DAYTON, Tenn., July 11, 1925 (UP) - "Are we going to be permitted to defend ourselves?" is the issue sharply thrust into the Scopes evolution trial today by attorneys for the defense.
Clarence Darrow and his staff of legal assistants took advantage of the pause in the trial to confer on how best to meet the unexpected resistance of William Jennings Bryan and the prosecution to admission of scientific evidence.
The defense regard the evidence question as the most vital of the whole case and are ready for a spectacular battle in support of their right to introduce scientific evidence when court reconvenes Monday.
"It simply settles down to a clear-cut question," said Dudley Field Malone of Scopes' counsel today, "and that question is whether we are going to be permitted to defend ourselves."
The court's ruling on the point of scientific evidence possibly will have a major effect on the trial and may expedite its termination if the ruling is adverse to the defense.
Already at a disadvantage because of the dominant anti-evolution viewpoint of those who know anything about the subject at all when called to jury service, the defense is not in a happy frame of mind.
It was generally conceded that in so far as the case in this court is concerned, the procedure purely is perfunctory.
Scopes is expected to be found guilty, largely because the people hereabouts know and believe only one theory of the origin of man and that is the story of divine origin as related in the first chapter of Genesis.
Meanwhile, Dayton chafes during the lull in the battle. The harvest reaped by the concessionaires from the moderate crowd present for the opening of the trial whetted their appetites for more.
The townsfolk stood around the streets discussing the case. They were particularly proud of the showing made by the "Tennessee boys" on the prosecution side against Darrow, who they have been told is the greatest lawyer in America.
"Young Gordon showed himself mighty smart, I'll tell you," they said to each other. Gordon McKenzie crossed swords with Darrow from time to time during the examination of the jurors.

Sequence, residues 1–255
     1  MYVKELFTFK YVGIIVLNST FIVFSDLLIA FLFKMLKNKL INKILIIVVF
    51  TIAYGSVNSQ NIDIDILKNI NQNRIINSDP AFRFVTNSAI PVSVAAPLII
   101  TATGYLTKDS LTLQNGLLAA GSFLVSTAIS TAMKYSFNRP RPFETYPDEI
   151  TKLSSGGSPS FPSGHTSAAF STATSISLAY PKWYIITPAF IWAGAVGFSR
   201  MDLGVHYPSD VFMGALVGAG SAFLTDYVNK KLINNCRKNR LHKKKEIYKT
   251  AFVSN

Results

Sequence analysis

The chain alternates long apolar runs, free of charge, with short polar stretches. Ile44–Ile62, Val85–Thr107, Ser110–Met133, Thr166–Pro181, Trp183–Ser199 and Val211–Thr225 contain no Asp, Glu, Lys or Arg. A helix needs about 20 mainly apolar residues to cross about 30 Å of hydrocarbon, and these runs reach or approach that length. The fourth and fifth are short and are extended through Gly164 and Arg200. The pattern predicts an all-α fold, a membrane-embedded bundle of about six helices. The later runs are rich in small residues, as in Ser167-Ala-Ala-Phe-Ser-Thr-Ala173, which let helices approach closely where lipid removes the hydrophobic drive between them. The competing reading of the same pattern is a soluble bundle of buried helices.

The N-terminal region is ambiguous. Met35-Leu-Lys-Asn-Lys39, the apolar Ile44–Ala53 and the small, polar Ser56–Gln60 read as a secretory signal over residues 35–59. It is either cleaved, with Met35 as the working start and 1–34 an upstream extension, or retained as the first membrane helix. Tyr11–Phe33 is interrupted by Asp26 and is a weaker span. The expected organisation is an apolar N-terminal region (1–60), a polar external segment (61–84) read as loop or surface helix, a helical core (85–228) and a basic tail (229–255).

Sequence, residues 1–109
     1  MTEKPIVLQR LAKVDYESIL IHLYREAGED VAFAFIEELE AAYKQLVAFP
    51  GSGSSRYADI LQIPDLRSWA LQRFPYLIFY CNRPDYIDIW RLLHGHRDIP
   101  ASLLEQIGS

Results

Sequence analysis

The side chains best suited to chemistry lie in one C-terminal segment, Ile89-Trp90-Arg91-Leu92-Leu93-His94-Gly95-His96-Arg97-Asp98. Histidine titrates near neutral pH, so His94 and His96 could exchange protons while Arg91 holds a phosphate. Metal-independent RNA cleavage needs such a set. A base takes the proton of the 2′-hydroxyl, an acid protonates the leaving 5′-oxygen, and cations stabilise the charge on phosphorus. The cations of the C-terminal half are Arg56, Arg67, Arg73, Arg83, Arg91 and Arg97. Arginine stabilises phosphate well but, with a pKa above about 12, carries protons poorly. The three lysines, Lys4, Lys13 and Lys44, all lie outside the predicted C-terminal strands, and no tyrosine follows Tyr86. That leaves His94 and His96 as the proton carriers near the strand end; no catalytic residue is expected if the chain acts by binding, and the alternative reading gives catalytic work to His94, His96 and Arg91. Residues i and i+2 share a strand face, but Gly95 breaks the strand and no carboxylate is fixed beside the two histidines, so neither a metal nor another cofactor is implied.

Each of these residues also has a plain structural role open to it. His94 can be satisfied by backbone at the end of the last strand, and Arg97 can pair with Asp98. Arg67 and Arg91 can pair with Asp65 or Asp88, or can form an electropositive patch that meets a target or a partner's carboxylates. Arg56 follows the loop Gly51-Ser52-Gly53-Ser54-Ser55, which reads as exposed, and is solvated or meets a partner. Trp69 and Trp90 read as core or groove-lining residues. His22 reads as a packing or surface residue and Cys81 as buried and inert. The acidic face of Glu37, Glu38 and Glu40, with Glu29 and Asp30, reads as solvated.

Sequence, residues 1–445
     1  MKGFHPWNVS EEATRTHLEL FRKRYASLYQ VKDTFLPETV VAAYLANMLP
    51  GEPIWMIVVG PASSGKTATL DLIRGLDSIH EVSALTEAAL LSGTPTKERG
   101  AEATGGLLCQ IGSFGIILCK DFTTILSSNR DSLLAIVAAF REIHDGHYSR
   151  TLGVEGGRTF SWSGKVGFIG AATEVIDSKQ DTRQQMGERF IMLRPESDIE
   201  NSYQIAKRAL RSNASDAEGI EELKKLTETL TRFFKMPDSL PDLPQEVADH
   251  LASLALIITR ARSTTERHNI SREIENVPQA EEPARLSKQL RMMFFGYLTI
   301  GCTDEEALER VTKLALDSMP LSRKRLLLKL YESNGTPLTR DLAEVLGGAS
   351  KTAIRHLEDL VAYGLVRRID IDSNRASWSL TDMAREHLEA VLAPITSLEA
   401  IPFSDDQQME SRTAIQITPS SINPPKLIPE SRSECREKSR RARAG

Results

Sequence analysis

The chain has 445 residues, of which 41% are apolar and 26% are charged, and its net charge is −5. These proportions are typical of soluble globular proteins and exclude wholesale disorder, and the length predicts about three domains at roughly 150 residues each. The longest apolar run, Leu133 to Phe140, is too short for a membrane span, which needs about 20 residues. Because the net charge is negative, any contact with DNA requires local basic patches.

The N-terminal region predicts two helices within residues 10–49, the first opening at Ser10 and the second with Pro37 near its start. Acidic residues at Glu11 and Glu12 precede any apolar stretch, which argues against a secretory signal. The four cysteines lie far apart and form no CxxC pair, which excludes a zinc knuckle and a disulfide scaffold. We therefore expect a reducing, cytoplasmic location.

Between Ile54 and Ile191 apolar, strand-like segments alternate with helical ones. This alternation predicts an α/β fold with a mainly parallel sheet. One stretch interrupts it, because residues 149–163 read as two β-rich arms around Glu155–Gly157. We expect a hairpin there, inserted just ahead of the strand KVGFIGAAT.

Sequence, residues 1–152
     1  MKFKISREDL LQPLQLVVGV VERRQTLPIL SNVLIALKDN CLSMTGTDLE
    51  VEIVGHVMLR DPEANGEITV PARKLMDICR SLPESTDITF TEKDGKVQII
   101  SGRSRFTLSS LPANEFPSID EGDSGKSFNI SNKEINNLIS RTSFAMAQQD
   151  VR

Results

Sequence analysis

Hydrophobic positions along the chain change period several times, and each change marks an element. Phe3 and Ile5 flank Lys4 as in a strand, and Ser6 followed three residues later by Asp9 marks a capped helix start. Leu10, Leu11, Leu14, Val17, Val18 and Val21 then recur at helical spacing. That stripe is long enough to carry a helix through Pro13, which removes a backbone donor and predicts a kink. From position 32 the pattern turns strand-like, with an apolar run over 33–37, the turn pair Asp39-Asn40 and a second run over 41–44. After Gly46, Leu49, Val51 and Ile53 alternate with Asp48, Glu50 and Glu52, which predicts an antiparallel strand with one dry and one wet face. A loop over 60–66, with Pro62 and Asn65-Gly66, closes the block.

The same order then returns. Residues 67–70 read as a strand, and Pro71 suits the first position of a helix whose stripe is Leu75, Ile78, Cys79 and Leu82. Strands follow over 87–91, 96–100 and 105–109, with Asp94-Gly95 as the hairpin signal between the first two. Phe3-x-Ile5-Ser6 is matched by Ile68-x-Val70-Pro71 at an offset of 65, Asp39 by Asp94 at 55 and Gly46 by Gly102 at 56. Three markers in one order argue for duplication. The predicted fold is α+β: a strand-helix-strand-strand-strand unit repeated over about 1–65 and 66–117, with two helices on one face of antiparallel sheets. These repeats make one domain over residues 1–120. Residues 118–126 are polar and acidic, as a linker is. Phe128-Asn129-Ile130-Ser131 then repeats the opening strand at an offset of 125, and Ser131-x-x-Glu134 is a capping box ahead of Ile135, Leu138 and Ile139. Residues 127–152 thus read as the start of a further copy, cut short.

The big bare courtroom was deserted today, contrasting with the suffocating crowd yesterday.
Scarcely anybody came even to the courthouse grounds and the barbecue shed was void of customers, while the proprietor groaned about Dayton being a "bum fair town."
"I guess I shove on to Memphis or Birmingham if this keeps up," he said. "I make the round of all these carnivals." That was his opinion of Dayton's epoch-making event.
The tent shows, featuring Tom's comedians and the Trail of the Lonesome Pine, ballyhooed in vain last night for crowds that weren't here and then closed up shop for the night without playing.
Judge Raulston said he was going to "enjoy a rest." Mrs. Raulston, Mrs. Davis, her mother and the two Raulston girls left Dayton in their car for Winchester.
They came to attend only the opening session and pride-fully watched their relative launch what seems to them the greatest event in the world.
General Ben McKenzie, senior prosecution counsel, was recovering after fainting at his office during the noon hour yesterday following the morning session. He said he would be back on the job Monday to "match galluses with Darrow."
Judge John Godsey, who withdrew from the defense staff allegedly because of a nervous breakdown, was around Robinson's Drug Store today, apparently relieved at the burden taken off his shoulders.
He would not discuss his action, but it was forecast when he introduced Bryan Tuesday night, with such fervor, saying Dayton would follow him in a presidential campaign again if he would run.
The town as a whole could find words to discuss only incidents of the opening session.
They counted on Bryan to "show up" the defense, but that was the only way in which they expressed their conviction that the prosecution would win and John Thomas Scopes be found guilty.
They commiserated with J.T. Massengale, a Baptist minister in the neighborhood, and W.A. Ault, dry goods merchant, who they believe wanted to get on the jury but were challenged and rejected.
Massengale was back in the mountains today preparing for his round of four churches tomorrow. Ault was busy promoting his "clearance sale" at his little store on Main Street.
Uniformed police from Chattanooga gave the natives a thrill. It is the first time such a spectacle has been seen here.
Squire Smith of City Court said only one man had been pointed out to them to watch and all the rest were assumed to be law abiding.
Only two arrests have been made so far by all law officers combined; one for bootlegging, who was turned over to the grand jury, and one for parking. He was dismissed.
Electricians were busy on the radio broadcasting and amplifying system today, after a fruitless endeavor to get them started yesterday.
Two pedestals were installed near the judge's bench in the courtroom to hold the microphones, and the loudspeakers were tried out around the courthouse grounds for the benefit of the few overalled natives who were attracted by the noise.